Your Sinclair

Galaxy Force
By Activision
Spectrum 48K/128K/+2/+3

Published in Your Sinclair #50

Galaxy Force

Snik! I fastened my helmet securely under my chin and finished my pre-flight instrument check. I fired my engines and waited for the stomach-churning moment when my Galaxy Force fighter would be dropped from the mothership. Ahead lay the unknown... a whole planet teeming with hostile aliens and guarded by fleets of star fighters. Yep, getting sandwiches for the YS team in the year 2090 is no mean feat!

Blimey! That was exciting, wasn't it? Oh all right, please yourselves! Anyway, ever since the first Star Wars movie, there's always been something rather appealing about the prospect of piloting a spaceship at breakneck speed down narrow canyons and blasting all and sundry? Activision must have thought so too, 'cos here it's latest release, Galaxy Force, a scrolling-into-the-screen shoot-'em-up which allows you to do just that!

It's based on the Sega coin-op of the same name, uses sprites, and was programmed by the same team responsible for Afterburner. Bearing this in mind, and the fact that the arcade versions played very much alike, you won't be surprised to bear that Galaxy Force is also very similar on the Speccy.

Galaxy Force

There are five missions for you to perform on five planets, each offering different graphics and aliens. Each planet has different sections including the planet surface, a canyon, a tunnel and finally the alien nerve centre. As in Afterburner, you have infinite cannons and missiles. A circle appears on a target when a missile locked on, and then its just a case of pressing the ol' fire button, only an this occasion you can shoot three or four missiles simultaneously! Unlike Afterburner however, if you take a hit, or prang your wings on the canyon walls, there's no damage sequence (or burning wing-tips as in the arcade). Instead, your energy figure rather unexcitedly turns red and is reduced. Neither are there any of those rather yummy 360' rolls, but that's 'progress' I suppose (he says philosophically).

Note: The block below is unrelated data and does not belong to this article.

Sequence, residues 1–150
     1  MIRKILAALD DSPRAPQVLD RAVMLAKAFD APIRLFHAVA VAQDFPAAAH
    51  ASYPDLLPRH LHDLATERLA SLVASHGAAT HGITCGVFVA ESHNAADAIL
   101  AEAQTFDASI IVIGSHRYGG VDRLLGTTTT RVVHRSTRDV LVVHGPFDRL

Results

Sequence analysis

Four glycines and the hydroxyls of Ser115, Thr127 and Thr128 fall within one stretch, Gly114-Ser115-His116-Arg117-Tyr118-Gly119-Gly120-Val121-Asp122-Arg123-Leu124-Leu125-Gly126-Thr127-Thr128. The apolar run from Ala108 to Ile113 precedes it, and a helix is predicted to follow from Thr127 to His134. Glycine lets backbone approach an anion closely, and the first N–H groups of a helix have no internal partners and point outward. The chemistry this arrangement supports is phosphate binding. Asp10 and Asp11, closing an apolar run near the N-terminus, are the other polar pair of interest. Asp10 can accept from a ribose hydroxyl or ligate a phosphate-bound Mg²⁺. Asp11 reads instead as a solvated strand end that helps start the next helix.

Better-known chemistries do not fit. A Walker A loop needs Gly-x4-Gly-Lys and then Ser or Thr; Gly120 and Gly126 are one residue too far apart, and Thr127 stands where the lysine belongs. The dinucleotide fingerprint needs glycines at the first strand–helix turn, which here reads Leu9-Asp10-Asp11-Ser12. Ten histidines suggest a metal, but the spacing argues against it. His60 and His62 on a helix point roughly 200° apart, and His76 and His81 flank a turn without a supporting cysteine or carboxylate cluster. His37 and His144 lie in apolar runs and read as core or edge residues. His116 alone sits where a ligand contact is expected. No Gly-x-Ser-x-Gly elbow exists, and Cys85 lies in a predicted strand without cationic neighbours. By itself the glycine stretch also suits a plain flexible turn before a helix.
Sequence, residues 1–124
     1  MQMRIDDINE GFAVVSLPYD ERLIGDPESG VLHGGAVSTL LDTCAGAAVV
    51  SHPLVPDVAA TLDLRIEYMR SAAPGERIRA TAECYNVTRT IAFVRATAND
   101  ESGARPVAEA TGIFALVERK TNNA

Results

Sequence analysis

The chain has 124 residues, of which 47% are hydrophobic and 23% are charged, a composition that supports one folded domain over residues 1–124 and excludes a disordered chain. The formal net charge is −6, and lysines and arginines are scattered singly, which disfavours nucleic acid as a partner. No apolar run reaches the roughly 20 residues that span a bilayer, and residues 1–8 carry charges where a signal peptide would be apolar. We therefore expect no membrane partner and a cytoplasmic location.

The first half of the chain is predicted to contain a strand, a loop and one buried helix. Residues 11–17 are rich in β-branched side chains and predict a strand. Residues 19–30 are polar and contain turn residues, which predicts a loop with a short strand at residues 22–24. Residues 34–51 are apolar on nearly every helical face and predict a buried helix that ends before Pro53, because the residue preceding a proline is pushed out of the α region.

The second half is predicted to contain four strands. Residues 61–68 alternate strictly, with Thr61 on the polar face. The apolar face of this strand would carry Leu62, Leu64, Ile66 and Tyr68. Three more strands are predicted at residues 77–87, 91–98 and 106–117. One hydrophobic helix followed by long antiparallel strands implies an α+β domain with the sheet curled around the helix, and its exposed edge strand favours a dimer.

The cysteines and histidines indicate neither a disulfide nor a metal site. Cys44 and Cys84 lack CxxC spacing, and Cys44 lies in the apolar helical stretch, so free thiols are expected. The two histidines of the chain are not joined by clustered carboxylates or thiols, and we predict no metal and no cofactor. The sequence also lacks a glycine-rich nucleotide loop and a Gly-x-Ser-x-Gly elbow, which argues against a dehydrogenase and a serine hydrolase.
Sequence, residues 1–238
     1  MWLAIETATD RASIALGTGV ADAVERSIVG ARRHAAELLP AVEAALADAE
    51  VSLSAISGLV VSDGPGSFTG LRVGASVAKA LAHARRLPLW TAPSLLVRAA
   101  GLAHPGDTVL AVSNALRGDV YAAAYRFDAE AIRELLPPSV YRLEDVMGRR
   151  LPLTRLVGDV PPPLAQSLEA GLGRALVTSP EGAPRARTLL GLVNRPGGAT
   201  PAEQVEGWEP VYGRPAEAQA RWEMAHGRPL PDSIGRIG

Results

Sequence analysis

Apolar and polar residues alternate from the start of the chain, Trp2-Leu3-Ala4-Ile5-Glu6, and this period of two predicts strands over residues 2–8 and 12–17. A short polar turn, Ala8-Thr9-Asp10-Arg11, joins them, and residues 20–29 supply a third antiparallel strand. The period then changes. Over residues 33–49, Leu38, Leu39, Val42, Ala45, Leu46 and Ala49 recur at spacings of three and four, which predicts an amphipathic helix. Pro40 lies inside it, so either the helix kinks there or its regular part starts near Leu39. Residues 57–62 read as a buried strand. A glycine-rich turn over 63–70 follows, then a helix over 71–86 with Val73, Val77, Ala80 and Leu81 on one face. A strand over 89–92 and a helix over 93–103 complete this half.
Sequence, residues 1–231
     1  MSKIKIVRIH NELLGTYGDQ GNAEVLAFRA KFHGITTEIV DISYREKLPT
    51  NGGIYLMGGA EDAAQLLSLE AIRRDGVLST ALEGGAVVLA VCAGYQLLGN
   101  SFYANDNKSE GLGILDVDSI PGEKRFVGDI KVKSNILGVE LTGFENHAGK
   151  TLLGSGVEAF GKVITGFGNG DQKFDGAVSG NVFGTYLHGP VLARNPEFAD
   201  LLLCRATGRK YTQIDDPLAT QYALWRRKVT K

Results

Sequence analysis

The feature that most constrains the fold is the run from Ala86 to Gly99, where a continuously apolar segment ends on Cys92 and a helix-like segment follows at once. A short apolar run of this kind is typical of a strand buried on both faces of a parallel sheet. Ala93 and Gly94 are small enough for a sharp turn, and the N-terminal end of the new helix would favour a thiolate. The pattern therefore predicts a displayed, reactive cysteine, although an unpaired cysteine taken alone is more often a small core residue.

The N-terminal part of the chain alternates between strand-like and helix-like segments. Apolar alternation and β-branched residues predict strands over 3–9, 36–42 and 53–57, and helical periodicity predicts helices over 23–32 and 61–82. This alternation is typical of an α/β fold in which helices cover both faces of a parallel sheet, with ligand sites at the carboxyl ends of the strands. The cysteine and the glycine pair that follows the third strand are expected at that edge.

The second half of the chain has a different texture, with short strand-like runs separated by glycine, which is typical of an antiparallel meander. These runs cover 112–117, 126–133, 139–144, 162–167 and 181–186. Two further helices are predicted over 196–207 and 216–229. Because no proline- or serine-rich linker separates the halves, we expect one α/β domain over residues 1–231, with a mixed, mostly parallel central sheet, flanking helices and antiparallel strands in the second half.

There's some groovy ground detail ranging from solar flares rising from the checkerboard planet surface to ground-launched missiles and horrid triffid type plants which ensnare your ship causing heavy energy loss. But beware, your monochrome sprite is hard to see against some of the more colourful backdrops. Also the final base is a bit of an anticlimax - I mean, your missiles lock on automatically, so you just lob a couple in and it's all over bar the shouting!

So that, in a nutshell, is that. Basically, it's Afterburner in space. The gameplay is very similar, which is no bad thing, but the best new bits, like high speed zig-zagging through tunnels, are somewhat diminished by the absence of any visible damage to your ship. Add this to the fact that each level multiloads and you'll see why this doesn't rate for me as high as Afterburner itself.

A competent conversion of the coin-op hit of the same name. Basically Afterburner in space (but not quite as hot), with multiloads, average sound and nice new graphics.

David Wilson

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